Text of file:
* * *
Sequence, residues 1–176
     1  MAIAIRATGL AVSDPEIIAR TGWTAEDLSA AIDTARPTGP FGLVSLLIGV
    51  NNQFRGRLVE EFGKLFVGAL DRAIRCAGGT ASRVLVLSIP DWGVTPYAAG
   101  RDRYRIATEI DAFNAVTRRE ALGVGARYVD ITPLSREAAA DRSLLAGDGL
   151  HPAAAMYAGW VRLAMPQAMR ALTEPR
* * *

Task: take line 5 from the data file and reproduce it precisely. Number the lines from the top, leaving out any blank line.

   151  HPAAAMYAGW VRLAMPQAMR ALTEPR